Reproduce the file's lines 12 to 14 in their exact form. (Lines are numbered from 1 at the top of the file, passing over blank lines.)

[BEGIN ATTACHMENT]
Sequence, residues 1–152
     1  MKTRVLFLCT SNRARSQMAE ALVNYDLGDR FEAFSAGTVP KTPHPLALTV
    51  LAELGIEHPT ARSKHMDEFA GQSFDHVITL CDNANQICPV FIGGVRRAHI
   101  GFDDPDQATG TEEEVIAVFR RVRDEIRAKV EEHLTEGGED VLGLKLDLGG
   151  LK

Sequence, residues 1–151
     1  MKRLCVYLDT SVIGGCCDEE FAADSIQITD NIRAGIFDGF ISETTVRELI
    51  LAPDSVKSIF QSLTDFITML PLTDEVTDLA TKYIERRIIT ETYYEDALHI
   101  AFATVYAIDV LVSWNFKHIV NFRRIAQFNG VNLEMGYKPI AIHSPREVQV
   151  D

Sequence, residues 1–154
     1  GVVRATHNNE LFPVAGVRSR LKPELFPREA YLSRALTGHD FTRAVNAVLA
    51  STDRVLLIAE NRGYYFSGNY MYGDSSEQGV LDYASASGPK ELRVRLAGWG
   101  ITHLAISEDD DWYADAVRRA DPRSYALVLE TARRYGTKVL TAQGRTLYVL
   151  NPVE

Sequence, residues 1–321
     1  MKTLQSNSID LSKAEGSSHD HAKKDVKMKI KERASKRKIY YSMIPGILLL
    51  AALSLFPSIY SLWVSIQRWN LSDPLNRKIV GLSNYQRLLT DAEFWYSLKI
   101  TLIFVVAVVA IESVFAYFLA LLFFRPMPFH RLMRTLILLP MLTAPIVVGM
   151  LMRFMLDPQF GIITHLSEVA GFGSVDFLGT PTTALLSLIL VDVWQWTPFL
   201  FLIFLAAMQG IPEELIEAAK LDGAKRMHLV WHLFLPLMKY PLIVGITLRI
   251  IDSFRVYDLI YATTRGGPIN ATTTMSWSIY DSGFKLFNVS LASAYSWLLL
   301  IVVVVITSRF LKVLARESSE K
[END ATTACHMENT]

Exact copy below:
     1  GVVRATHNNE LFPVAGVRSR LKPELFPREA YLSRALTGHD FTRAVNAVLA
    51  STDRVLLIAE NRGYYFSGNY MYGDSSEQGV LDYASASGPK ELRVRLAGWG
   101  ITHLAISEDD DWYADAVRRA DPRSYALVLE TARRYGTKVL TAQGRTLYVL